The leg portion 22 has an open end 26 located adjacent the closed upper end of the cap 1. The other tube leg 23 has a right angle bend to its open end 27 which is adapted to be received in an permanently connected by swaging to the outlet fitting 16 thus providing for permanent attachment between the tube and the cap 1.
The accumulator dehydrator is further provided with a hollow porous dessicant container or molecular sieve 28, which is adapted to be received in the lower end of the accumulator dehydrator. The dessicant container is preferably made in the form of two bags or halves, 29 and 30, which as best seen in FIG. 3, are heat-sealed to each other, and are joined by a web 31, which partially encircles the screen 25. Each bag contains a dessicant 32, such for example, molecular sieve.
An important feature of the invention resides in the provision of a deflector for the accumulator dehydrator, which is of unique construction, and which can be assembled with the upper cap in a unique manner, without the aid of extraneous fasteners.
The deflector D is clearly illustrated in FIGS. 3, 4, 6, 7, 8, 9 and 10.
The deflector D is preferably made in one piece as a metal stamping, stamped or formed to provide a flat elongated body 33 having downturned flanges 34 and 35, at its side edges, and an arcuate flange 36 at one end. As seen in FIG. 7, the flange 36 extends inwardly beyond the edges of the flanges 34 and 35, to thereby form a tenon whereby the deflector D may be attached to the cap 1. Flange 36 has an arcuate extent of less than 360°.
In assembling the deflect D with the cap 1 and the fitting 14, the flange 36 is inserted between the surface of the cap 1 defining the hole 7 in the cap and the portion of the fitting 14 which extends into the hole 7. The engagement of these three parts acts not only to hold the deflector D in the position shown in FIG. 3, but also acts to prevent the deflector D from being rotated about the axis of the hole 7. FIGS. 3 and 6 show that opening 7 conforms in size and shape to the inserted portion of fitting 14 and flange 36. With the parts thus assembled, the weld material 15 is applied, and flows between the parts to permanently hold the fitting 14 and the deflector D in their operative position, as shown in FIGS. 3 and 4.
The incoming vaporous refrigerant is caused to impinge against the body 33 of the deflector D to encourage separation of the liquid components (refrigerant, oil, water) and cause same to be deposited in the bottom of the accumulator dehydrator.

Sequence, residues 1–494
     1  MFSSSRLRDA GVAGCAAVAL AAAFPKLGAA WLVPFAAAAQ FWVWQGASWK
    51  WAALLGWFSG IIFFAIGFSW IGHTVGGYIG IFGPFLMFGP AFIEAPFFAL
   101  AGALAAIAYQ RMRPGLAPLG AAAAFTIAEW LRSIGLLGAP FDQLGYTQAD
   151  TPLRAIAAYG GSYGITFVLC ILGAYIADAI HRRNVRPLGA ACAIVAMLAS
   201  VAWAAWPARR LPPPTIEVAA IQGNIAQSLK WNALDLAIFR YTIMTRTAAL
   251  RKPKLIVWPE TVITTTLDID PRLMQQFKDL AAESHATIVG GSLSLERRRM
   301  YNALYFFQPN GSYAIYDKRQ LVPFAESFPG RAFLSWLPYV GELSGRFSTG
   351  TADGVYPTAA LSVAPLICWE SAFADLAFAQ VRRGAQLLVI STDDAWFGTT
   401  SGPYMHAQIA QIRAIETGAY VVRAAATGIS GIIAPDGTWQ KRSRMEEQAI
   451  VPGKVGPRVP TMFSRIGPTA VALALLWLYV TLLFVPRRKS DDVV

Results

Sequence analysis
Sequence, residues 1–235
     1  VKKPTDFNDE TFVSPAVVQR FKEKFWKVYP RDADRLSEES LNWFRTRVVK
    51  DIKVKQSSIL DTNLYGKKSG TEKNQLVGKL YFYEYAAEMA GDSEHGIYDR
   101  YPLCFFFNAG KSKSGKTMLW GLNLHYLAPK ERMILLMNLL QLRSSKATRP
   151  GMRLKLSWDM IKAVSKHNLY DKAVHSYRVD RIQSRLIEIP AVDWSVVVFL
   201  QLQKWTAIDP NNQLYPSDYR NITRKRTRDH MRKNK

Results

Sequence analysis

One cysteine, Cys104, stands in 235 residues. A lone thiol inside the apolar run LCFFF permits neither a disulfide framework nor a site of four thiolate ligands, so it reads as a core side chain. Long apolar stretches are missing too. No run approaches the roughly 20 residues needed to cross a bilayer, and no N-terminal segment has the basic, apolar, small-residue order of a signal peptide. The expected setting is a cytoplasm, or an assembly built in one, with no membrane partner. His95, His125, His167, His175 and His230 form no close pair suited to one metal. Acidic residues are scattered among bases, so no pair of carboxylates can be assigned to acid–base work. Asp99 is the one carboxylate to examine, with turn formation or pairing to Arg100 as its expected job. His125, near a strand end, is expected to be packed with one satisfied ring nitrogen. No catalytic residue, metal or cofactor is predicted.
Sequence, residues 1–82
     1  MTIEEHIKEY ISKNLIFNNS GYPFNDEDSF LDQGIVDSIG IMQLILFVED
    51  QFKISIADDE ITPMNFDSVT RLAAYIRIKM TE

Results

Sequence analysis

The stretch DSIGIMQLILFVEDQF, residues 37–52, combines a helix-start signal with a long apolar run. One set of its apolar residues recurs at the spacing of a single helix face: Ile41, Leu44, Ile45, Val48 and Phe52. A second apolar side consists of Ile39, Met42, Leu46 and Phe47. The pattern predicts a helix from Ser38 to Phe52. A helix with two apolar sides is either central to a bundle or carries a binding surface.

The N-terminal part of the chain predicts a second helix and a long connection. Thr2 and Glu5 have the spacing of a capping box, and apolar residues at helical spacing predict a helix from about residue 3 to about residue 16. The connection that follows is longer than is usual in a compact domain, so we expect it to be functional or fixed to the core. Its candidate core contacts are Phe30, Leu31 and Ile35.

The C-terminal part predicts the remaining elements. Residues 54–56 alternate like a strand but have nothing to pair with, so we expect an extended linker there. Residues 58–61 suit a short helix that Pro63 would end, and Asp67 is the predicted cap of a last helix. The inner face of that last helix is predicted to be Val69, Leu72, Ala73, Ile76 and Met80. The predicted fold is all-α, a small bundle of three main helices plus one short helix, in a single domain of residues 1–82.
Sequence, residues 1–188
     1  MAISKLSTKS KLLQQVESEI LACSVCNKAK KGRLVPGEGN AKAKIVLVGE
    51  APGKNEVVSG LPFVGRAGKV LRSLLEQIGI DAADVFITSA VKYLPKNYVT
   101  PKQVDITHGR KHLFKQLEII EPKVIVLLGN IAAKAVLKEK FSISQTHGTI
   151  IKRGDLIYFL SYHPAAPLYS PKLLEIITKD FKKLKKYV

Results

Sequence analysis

With the dessicant (molecular sieve) stored in the dessicant bags, the deposited water is absorbed and retained thereby while the deposited liquid refrigerant and oil is eventually aspirated through the bleed port 24 in vaporous form into bight 21 of the tube 20, where it passes along with the vaporous refrigerant already flowing therethrough and then out the outlet fitting 16 into the compressor (not shown) of the air-conditioning system.
In FIG. 11 of the drawings, a modification of the invention is shown, in which the inlet and outlet fittings are disposed at diametrically-opposite sides of the cap. This accumulator dehydrator is basically the same on the inside and bottom half as that therein above described, the only difference being the location of the inlet and outlet fittings to fit different models of General Motors cars. The fittings on the accumulator dehydrators are located depending on how the accumulator is mounted on the car and the bend configuration of the tube and hose assembly that is secured to the accumulator. The accumulator serves the same purpose irrespective of the model car or the fitting location.
While this invention has been described as having a preferred construction, it will be understood that it is capable of further modification. This application is, therefore, intended to cover any variations, uses, or adaptations of the invention following the general principles thereof and including such departures from the present disclosure as come within known or customary practice in the art of which this invention pertains, as may be applied to the essential features hereinbefore set forth and fall within the limits of the appended claims.